In the last article we introduced LevelHelper and SpriteHelper which played an important role in implementing the clone of Angry Birds game called Ghetto Birds. In this article we are going to implement collision detection between the bird and the poor pig. We are also going to demonstrate how to use animations for our game using LevelHelper and SpriteHelper applications.

Implementing Collision Detection:

The LevelHelper framework contains very useful wrapper methods on top of the Box2d framework. These wrapper methods makes it very easy to implement collision detection between different objects. In order to implement the collision detection we must assign a TAG to our sprite. This is accomplished by using the LevelHelper tool. Open the LevelHelper project that we developed in the last article and create and assign a TAG to all the sprites you want to take part in a collision. Take a look at the screenshot where a new TAG is assigned to the bird.

Follow the same procedure to create and assign a new tag “PIG” to the pig sprite. Save the project and also generate and the code again.

NOTE: You must generate the code again after creating the TAGS. This is because LevelHelper will create the TAG values as enumerated types which can be easily accessed in code.

Once the code has been generated you are ready to use collision detection in your application. To enable collision detection you need to call the LevelHelper method called “useLevelHelperCollisionHandling”.

After that you need to register the collisions between different sprites. This is where the TAGS are used as shown in the implementation below:

The collisionBetweenAngryBirdAndPig is the method that is invoked when they both collide. The implementation is shown below:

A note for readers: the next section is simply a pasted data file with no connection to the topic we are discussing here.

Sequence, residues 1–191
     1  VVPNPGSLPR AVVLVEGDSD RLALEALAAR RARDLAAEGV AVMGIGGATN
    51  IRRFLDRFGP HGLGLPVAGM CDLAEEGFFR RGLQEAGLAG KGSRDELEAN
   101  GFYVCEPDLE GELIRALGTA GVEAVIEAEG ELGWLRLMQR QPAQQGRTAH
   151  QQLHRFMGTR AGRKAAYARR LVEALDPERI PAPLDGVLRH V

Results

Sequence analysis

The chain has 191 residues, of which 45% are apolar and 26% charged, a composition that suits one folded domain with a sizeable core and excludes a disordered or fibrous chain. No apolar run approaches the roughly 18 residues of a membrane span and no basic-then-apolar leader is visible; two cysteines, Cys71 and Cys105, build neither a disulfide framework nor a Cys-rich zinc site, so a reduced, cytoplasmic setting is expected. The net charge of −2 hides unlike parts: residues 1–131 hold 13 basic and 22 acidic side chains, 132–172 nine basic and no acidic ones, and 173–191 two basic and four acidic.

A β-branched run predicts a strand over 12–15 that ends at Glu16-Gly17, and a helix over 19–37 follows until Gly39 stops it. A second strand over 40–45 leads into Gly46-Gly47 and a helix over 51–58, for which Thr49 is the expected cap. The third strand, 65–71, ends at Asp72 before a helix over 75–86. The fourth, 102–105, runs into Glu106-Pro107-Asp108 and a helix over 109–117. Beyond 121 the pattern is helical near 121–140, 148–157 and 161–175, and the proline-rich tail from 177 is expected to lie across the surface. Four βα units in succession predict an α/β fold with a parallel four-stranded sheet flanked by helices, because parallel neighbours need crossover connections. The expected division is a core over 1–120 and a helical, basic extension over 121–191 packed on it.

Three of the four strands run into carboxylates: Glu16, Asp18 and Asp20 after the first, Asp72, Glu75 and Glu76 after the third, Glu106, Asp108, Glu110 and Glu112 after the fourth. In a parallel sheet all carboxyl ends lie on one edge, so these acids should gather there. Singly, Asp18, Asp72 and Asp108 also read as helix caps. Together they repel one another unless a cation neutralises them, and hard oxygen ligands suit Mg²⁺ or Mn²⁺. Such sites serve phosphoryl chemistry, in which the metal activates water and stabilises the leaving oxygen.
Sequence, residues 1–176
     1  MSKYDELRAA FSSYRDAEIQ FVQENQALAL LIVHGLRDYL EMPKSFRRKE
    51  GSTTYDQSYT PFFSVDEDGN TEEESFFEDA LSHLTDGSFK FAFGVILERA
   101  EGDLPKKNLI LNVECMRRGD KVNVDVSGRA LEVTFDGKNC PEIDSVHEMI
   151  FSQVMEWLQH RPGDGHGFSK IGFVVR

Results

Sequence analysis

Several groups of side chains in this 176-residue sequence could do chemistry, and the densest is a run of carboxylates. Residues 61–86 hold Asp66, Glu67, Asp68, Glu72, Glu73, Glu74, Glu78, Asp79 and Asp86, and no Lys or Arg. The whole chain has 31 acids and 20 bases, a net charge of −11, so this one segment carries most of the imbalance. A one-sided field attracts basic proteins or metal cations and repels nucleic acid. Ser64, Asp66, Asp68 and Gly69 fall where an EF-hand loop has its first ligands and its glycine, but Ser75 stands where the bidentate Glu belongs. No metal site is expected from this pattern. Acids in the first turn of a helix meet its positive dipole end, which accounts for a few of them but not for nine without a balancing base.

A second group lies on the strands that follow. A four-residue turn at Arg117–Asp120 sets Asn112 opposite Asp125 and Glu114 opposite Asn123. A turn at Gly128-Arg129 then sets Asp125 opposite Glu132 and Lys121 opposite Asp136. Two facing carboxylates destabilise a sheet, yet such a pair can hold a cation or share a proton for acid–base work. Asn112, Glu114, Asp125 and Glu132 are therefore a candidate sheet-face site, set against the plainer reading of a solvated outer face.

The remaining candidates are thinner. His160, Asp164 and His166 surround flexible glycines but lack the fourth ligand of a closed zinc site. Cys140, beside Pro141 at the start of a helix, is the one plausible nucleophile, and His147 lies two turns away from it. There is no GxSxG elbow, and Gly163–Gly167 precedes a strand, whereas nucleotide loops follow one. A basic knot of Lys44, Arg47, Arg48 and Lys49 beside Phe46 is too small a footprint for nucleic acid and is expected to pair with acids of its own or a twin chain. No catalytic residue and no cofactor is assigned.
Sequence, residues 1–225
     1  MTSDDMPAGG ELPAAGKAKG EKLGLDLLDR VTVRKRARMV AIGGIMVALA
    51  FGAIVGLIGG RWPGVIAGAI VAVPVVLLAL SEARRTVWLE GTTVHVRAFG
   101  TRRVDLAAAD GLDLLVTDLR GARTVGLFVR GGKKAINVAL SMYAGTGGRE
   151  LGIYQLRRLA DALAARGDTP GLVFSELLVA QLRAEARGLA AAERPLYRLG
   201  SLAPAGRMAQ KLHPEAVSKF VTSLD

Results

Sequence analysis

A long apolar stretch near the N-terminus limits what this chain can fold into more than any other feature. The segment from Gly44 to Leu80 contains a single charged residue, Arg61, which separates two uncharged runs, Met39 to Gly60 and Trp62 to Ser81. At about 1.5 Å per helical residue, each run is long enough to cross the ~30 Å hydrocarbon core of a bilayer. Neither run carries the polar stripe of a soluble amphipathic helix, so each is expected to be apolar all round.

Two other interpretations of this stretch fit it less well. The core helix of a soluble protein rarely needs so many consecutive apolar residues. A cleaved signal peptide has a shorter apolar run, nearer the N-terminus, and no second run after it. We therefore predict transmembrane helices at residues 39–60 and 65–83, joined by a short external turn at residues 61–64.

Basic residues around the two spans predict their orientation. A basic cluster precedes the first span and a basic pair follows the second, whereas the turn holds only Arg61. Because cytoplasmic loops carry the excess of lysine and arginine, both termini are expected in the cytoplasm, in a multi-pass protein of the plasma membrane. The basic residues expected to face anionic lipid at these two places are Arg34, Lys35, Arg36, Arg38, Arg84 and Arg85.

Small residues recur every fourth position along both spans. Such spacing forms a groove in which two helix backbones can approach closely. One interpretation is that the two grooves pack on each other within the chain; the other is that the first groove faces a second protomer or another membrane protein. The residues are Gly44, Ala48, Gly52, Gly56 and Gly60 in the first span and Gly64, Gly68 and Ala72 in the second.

And that is it! Run the application and launch the bird by touching it. When it collides with the pig you will notice that the above method gets invoked.

Currently nothing happens on collision and the pig does not incur any damage. You can easily remove the pig on collision. Check out the following implementation:

Now when the collision happens the pig is removed from the layer. Although this works seamlessly but it looks kinda lame that the pig is removed without any effect. In the next section we are going to glorify the death of the pig by using animations.

Implementing Animation on Collision:

Animations can easily be created by using SpriteHelper application. Click the animations tab and then “Create new animation”. Give animation a name, we are going to use “PoofAnimation”. Next add images which will take part in the animation. The SpriteHelper will provide you a preview of the animation. Take a look at the screenshot below:

That is all you need to do to create animations using SpriteHelper. Now using the LevelHelper drag and drop the “poof1” image to the level that you are creating but make it invisible. The poof image is added so we can retrieve it in our code and start the animation.

The prepareAnimationName method of the LHSprite is responsible for loading the animation. The playAnimation actually plays the animation.

NOTE: As of this writing the LevelHelper API documentation was not updated to reflect different methods associated with animation.

The screenshot below shows the final frame of the poof animation after the bird collided with the pig.

One thing you will notice is that after the animation is completed the first frame of the animation still appears on the scene. It would be cool to have an option right in the SpriteHelper which will remove the animation frames from the scene once the animation is completed. In order to remove the first frame of the animation we will use the services of NSNotificationCenter as shown below:

Run the application again and now you will notice that when the bird collides with the pig the animation runs and this time it ends.    

Download Code:

The complete source code for the Ghetto Birds project can be downloaded from GitHub using the following URL:


In this small series we learned how to get started with building a game like Angry Birds. We demonstrated how to use the LevelHelper and SpriteHelper to simplify the process of creating physics enabled applications.